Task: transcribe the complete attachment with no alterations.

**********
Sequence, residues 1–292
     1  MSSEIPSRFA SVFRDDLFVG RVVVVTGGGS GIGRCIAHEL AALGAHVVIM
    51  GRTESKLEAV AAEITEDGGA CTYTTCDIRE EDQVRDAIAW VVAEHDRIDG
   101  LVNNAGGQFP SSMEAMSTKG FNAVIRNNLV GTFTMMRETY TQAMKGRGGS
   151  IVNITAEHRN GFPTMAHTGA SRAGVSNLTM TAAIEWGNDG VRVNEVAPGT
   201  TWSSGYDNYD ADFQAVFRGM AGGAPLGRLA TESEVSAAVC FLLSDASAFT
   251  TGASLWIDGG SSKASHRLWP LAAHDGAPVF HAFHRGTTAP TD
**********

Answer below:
Sequence, residues 1–292
     1  MSSEIPSRFA SVFRDDLFVG RVVVVTGGGS GIGRCIAHEL AALGAHVVIM
    51  GRTESKLEAV AAEITEDGGA CTYTTCDIRE EDQVRDAIAW VVAEHDRIDG
   101  LVNNAGGQFP SSMEAMSTKG FNAVIRNNLV GTFTMMRETY TQAMKGRGGS
   151  IVNITAEHRN GFPTMAHTGA SRAGVSNLTM TAAIEWGNDG VRVNEVAPGT
   201  TWSSGYDNYD ADFQAVFRGM AGGAPLGRLA TESEVSAAVC FLLSDASAFT
   251  TGASLWIDGG SSKASHRLWP LAAHDGAPVF HAFHRGTTAP TD